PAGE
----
public void testEncryptDecryptWithKeyPair()
            throws Exception {
    
        try {
     
            RSAKeyPair rsaKeyPair = new RSAKeyPair(2048);
            
            RSACipher rsaCipher = new RSACipher();
            String encrypted = rsaCipher.encrypt("John has a long mustache.", rsaKeyPair.getPublicKey(), transformation, encoding);
            String decrypted = rsaCipher.decrypt(encrypted, rsaKeyPair.getPrivateKey(), transformation, encoding);
            Assert.assertEquals(decrypted, "John has a long mustache.");   
            
        } catch(Exception exception) {
            Assert.fail("The testEncryptDecryptWithKeyPair() test failed because: " + exception.getMessage());
        }
    }
}

Working With Keys in a Java Keystore

There is a third option for working with keys, and that is to store them and retrieve them from a Java keystore. Creating a private and public key pair with keytool actually requires specifying a keystore. Many developers find that working with the Java keystore is cumbersome and often times the terminology used is confusing. This is because of the vast array of information available describing techniques for manipulating keys and certificates.

The first thing to remember is that in theory there is a difference between a Java keystore and a truststore. A keystore contains private keys, and the certificates with their corresponding public keys. A truststore should contain just the certificates from other parties that you want to use for encryption (and digital signature verification), and also contains Certificate Authorities (CAs) that you trust to identify other parties. The /jre/lib/security/cacerts file is a truststore with well known CAs trusted by Java.

The following keytool command will generate a key pair and store it in a keystore.

> keytool -genkey -keyalg RSA -keysize 2048 -keystore "c:\temp\keystore.jks" -alias yourkeyalias -storepass yourstorepassword -keypass yourkeypassword -dname "CN=Your Full Name, OU=Your Department Name, O=Your Company Name, L=Your City, S=Your State, C=Your Country Code"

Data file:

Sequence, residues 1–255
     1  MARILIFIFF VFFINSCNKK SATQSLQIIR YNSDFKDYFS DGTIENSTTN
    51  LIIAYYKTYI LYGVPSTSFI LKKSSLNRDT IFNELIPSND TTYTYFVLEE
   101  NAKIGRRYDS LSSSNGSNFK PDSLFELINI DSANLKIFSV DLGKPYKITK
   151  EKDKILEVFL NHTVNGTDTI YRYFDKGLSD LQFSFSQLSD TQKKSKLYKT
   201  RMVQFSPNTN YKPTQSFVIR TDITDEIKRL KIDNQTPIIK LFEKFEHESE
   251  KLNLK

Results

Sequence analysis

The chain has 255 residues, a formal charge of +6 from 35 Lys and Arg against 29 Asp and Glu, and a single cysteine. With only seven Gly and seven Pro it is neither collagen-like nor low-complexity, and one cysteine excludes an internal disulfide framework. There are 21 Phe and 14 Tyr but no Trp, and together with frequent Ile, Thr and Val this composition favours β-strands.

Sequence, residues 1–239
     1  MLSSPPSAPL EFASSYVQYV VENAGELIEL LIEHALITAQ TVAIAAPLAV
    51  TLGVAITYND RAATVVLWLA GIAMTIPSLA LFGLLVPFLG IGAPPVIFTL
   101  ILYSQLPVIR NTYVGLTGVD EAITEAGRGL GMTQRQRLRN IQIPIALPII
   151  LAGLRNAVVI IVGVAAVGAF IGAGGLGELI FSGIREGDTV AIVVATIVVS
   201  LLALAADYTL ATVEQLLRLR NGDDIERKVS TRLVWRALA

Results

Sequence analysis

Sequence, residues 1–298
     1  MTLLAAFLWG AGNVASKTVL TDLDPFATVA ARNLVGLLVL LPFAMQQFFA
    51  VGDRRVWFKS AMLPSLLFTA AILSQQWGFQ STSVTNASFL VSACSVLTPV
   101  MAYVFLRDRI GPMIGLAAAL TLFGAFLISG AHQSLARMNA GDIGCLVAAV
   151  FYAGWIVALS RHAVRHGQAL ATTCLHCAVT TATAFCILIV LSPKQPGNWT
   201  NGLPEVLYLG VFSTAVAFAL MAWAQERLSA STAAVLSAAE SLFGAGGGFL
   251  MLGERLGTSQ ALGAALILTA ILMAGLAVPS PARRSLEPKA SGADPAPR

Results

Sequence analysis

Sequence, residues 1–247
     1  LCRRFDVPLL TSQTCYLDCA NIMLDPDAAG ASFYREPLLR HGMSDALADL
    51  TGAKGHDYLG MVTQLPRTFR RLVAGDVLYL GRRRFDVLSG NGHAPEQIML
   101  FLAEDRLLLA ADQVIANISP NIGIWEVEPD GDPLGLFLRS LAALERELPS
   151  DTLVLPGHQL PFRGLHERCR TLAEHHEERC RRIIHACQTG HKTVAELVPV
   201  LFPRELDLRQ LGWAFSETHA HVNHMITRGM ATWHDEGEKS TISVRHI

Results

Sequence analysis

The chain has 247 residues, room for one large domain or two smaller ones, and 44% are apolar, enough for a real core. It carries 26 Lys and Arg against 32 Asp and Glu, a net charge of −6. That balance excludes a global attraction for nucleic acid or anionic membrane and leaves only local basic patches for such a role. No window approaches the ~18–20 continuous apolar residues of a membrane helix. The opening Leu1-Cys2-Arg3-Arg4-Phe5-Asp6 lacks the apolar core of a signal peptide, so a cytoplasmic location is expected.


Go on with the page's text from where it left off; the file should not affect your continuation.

By default the key size for the RSA algorithm is limited to 1024 bits. In order to get a 2048 bit key you may need to download the Java Cryptography Extension (JCE) Unlimited Strength Jurisdiction Policy Files 6.

The following keytool command will export the certificate containing the public key.

> keytool -exportcert -alias yourkeyalias -keypass yourkeypassword -keystore "c:\temp\keystore.jks" -storepass yourstorepassword -file "c:\temp\public.cer"

Remember that unlike the public key derived from the private key using OpenSSL, this is an actual X.509 certificate. You have the option to send the certificate to another party as is, and it can be imported into their truststore, or you can export the public key from the certificate using the following OpenSSL command.

> openssl x509 -inform der -in "c:\temp\public.cer" -pubkey -noout | openssl pkey -pubin -outform der > "c:\temp\public.key"

Keep in mind the other party is trusting that the certificate is yours based upon your word alone. There has been no chain of trust by signing your certificate with an established third party CA. However, depending upon your application needs and implementation details this may not be a requirement.

Reading keys and certificates from a truststore and keystore using Java is not covered in this revision.

Revision History

Revision 1.0, 11/28/2013 – Publication.

Code examples assume JDK 1.6+, and tests assume JUnit 4+.